The Texas Biomedical Research Institute has had a breakthrough when it comes to being able to identify cases of the Ebola virus in order to prevent potential outbreaks. San Antonio scientists have been able to locate a unique component to the Ebola virus that makes it possible for a simple test to be administered which would allow them to know whether they are dealing with a true Ebola infection, or something else.
Typically it is very difficult to make a conclusive judgement when it comes to identifying viruses. One looks much like another, and symptoms can easily be misread. This can either lead to an unfounded panic from an incorrect diagnosis of a deadly virus like Ebola, or it can allow a single infected patient turn into a full-blown outbreak. Using this new method, scientists are confident they can create a way for doctor’s to know determinately whether or not they are dealing with the virus.
During a screening process performed by Texas Biomed virologist Andrew Hayhurst, Ph.D. And his assistant Laura Jo Sherwood, they found that hiding within Ebola is a polymer called nucleoprotein (NP).
Using llama antibodies – which are precisely what they sound like: antibodies taken from the animal – they discovered that they could easily find the NP polymer. Meaning that if NP was present, they knew they were dealing with Ebola. If it wasn’t, they could be almost certain they were not.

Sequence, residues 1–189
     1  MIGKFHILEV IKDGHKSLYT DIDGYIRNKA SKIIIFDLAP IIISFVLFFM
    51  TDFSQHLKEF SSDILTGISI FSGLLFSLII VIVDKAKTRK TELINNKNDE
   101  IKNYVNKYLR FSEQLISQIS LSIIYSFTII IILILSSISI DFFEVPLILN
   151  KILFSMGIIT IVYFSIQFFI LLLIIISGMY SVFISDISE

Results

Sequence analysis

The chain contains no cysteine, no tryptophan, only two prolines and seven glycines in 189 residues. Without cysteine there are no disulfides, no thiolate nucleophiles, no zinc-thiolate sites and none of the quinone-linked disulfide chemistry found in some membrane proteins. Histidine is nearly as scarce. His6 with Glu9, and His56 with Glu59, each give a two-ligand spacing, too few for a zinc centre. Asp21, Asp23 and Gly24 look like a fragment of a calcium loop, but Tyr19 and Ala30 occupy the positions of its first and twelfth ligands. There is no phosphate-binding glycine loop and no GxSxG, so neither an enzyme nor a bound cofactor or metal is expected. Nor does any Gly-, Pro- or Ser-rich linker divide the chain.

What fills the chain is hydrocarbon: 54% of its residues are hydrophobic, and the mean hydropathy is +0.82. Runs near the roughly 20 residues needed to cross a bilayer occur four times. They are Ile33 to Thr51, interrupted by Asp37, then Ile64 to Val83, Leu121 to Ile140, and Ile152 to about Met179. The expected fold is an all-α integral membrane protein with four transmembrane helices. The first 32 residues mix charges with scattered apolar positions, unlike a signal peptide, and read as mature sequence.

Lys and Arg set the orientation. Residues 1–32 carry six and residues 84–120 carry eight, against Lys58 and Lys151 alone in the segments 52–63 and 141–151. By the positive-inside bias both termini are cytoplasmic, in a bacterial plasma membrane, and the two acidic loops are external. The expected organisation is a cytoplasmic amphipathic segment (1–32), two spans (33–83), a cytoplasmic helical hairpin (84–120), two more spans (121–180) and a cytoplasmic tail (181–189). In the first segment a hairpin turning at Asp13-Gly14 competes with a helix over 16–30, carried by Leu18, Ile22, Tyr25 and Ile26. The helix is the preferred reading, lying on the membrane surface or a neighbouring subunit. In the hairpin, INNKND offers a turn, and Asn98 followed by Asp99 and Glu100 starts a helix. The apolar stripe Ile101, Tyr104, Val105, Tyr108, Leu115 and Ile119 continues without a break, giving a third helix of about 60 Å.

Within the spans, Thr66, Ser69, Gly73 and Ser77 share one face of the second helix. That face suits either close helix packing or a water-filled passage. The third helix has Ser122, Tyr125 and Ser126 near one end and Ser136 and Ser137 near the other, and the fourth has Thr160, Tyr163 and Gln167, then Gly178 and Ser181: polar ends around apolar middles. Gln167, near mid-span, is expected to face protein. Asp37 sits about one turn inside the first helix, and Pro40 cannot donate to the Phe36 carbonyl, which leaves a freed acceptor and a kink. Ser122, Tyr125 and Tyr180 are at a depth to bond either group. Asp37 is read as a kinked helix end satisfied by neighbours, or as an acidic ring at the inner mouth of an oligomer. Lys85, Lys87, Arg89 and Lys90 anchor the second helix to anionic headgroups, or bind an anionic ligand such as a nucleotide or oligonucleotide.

“Ebola NP is rather like a cob of corn displaying hundreds of kernels linked in a repetitive polymer, giving us the perfect molecular magnet to attract llama antibodies that can be assembled into highly avid assays based on a single antibody,” said Dr. Hayhurst.
The project is still in it’s infancy, but could mean another diagnostic tool for the medical community. Ebola is one of the terrifying viral demons that, were it ever to be weaponized, could be very difficult to contain or combat. It could be turned into one of the most deadly, and destructive biological weapons on the planet. By being able to allow first responders and doctors in emergency rooms to be able to determine whether or not they are dealing with Ebola could alert the global community to bioterrorism attacks. Or prevent unnecessary panic.
Even without the frightening overtones of biological warfare, the ability to allow principle physicians a way to rule Ebola out during the diagnostic process would avoid misdiagnoses and limit the possibility of a dangerous contagion being exposed to the populace at large.